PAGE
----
As is shown in FIG. 1C, the first high k dielectric 18 within the pFET device region 14 is exposed, while the first patterned block mask 20 protects the first high k dielectric 18 within the nFET device region 12. Next, the exposed first high k dielectric 18 within the pFET device region 14 is removed utilizing a wet chemical etching process so as to expose the surface of the semiconductor substrate 10. Note that during this step of the present invention, the optional interfacial layer within the pFET device region 14 is also typically removed. The wet chemical etching process includes the use of a chemical etchant that is selective in removing dielectric material. The choice of the exact chemical etchant may vary depending on the dielectric material to be removed and its selection can be determined by one skilled in the art. The resultant structure that is formed is shown, for example, in FIG. 1D.

FIG. 1E shows the structure after removing the first patterned block mask 20 that was used in protecting the first high k dielectric 18 that is present within the nFET device region 12. The first patterned block mask 20 is removed utilizing a conventional stripping process that is selective with respect to the high k layer, and is well known to those skilled in the art. Note that at this point of the present invention, the nFET device region 12 includes the first high k dielectric 18, while no dielectric other than a portion of the isolation region and, optionally the interfacial layer is present within the pFET device region 14.

Next, a second high k dielectric 22 that is different from the first high k dielectric 18 is formed across the entire surface of the structure shown in FIG. 1E providing the structure shown, for example in FIG. 1F. In accordance with the present invention, the second high k dielectric 22 is suitable for use with a pFET device. Illustrative examples of such dielectrics that can be used as the second high k dielectric 22 include, but are not limited to: Al2O3, AlON, AlN and combinations and multilayers thereof.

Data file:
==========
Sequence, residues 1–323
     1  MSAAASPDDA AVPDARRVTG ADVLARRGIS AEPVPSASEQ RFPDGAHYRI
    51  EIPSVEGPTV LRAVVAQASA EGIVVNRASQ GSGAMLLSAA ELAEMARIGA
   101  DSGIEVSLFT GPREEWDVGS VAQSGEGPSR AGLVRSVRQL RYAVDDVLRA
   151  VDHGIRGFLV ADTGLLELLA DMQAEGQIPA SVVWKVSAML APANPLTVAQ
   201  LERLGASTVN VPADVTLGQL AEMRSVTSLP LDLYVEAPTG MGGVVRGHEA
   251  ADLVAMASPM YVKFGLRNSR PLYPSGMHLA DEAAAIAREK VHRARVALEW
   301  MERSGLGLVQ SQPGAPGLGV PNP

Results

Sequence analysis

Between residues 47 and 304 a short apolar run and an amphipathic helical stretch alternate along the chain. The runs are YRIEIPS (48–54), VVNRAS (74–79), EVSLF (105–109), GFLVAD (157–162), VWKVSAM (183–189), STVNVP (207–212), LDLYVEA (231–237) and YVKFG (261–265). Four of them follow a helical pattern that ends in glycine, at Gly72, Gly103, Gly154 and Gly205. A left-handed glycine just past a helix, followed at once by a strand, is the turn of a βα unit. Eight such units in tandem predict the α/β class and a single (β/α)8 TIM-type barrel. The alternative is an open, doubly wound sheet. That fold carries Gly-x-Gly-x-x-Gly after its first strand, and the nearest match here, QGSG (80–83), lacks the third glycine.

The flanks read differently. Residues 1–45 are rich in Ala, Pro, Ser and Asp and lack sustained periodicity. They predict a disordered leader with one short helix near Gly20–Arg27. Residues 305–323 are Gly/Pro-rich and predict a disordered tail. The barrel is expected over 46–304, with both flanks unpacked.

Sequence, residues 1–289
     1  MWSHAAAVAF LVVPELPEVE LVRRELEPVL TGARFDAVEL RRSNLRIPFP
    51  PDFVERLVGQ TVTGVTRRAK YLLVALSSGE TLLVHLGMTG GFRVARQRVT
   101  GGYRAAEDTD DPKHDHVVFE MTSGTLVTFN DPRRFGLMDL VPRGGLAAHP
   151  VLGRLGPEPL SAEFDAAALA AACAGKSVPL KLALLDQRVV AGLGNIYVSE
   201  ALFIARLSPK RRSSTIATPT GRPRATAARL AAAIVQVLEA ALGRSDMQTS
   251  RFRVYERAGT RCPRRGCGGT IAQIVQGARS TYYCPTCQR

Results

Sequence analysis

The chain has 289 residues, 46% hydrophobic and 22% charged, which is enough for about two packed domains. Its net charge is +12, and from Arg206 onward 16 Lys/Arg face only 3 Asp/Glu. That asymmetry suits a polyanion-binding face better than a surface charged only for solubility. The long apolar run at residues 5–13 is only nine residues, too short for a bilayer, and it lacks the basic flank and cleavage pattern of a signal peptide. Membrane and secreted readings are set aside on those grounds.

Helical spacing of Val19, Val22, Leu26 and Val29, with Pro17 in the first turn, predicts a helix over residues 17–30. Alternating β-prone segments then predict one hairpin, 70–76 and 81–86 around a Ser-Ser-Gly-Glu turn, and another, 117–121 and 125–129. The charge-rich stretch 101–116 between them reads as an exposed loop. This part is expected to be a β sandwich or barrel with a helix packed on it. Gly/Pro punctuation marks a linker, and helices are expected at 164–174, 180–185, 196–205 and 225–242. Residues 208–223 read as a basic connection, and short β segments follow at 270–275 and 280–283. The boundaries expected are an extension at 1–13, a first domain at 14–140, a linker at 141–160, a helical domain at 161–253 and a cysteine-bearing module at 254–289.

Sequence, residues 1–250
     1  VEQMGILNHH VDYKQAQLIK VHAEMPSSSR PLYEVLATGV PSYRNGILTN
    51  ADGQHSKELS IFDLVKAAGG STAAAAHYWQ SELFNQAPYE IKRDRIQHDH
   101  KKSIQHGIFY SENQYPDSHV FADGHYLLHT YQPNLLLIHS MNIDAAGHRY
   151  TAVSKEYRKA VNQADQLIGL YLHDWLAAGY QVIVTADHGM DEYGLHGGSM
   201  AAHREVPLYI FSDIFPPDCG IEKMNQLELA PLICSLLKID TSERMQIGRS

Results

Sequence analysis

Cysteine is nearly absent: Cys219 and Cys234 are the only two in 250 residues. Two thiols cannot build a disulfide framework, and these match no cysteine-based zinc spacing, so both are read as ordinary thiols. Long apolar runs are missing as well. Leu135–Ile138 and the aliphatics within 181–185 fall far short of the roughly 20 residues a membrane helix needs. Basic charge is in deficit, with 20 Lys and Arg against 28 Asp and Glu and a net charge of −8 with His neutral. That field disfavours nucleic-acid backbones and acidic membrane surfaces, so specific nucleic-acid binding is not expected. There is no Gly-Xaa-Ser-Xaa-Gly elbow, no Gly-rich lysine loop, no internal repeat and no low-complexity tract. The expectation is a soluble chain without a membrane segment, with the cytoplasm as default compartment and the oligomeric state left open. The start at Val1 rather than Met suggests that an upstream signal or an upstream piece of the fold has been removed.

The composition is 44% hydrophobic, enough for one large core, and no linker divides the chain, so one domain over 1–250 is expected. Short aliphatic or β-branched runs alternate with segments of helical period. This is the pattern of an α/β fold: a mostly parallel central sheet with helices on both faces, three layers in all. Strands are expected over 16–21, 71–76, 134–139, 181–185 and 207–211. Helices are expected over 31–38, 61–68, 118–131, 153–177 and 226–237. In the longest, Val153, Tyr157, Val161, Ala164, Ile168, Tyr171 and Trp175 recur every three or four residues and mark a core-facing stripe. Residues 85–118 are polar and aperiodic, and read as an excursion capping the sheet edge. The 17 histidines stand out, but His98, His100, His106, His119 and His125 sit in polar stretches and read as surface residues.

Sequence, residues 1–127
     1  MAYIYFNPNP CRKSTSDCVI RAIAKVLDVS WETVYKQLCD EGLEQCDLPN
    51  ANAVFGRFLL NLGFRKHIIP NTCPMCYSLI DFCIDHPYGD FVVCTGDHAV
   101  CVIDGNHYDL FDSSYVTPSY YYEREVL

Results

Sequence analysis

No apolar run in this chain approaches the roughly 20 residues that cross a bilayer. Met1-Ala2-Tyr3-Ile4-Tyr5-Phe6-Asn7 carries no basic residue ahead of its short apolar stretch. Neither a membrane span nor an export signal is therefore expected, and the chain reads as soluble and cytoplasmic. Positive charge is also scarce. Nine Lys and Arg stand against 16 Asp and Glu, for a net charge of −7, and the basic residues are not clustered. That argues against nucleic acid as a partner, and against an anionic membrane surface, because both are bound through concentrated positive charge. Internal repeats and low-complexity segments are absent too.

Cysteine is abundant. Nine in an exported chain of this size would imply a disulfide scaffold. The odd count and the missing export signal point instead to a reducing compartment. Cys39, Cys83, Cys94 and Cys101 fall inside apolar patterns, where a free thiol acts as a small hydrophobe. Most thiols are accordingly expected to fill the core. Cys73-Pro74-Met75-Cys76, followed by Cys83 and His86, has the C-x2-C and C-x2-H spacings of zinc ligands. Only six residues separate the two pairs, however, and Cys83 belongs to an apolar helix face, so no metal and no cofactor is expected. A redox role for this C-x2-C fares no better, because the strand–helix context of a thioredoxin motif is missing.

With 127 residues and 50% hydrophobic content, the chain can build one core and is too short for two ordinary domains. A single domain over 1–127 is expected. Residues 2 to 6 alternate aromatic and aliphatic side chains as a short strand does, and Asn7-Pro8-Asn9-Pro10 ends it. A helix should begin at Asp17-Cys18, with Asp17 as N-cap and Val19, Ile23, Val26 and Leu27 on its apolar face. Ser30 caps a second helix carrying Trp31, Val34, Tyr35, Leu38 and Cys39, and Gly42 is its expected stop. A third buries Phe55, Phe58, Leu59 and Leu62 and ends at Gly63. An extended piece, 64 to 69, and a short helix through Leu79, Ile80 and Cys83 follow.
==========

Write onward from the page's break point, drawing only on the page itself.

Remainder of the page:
The second high k dielectric 22 is formed by a deposition process such as, for example, chemical vapor deposition (CVD), plasma-assisted CVD, physical vapor deposition (PVD), metalorganic chemical vapor deposition (MOCVD), atomic layer deposition (ALD), evaporation, reactive sputtering, chemical solution deposition and other like deposition processes including combinations thereof.

The physical thickness of the second high k dielectric 22 may vary, but typically, the second high k dielectric 22 has a thickness from about 0.5 to about 10 nm, with a thickness from about 0.5 to about 3 nm being more typical.

Next, and as shown in FIG. 1G, a second patterned block mask 24 is formed in the structure which protects the various layers present within the pFET device region 14. The second patterned block mask 24 is essentially the same as the patterned block mask 20 except that no ARC layer is employed. Hence, second patterned block mask 24 is comprised of one of the above mentioned block mask materials. The second patterned block mask 24 is processed as described above. In some embodiments, an adhesion layer (not shown) is present between the block mask material and a surface portion of the second high k dielectric within the pFET device region 14. An example of an adhesion layer is an alkoxysilane such as, for example, hexamethyldisilane (HMDS).

After providing the second patterned block mask 24 which protects the various layers within the pFET device region 14, the exposed second high k dielectric 22 present within the nFET device region 12 is removed utilizing a wet chemical etching process that selectively removes this dielectric material from the nFET device region 12. The choice of the exact chemical etchant may vary depending on the dielectric material to be removed and its selection can be determined by one skilled in the art. The resultant structure formed after removing the second high k dielectric 22 from within the nFET region 12 is shown, for example, in FIG. 1H.

FIG. 1I shows the structure that is formed after the second patterned block mask 24 has been removed from the structure shown in FIG. 1H utilizing a conventional stripping process.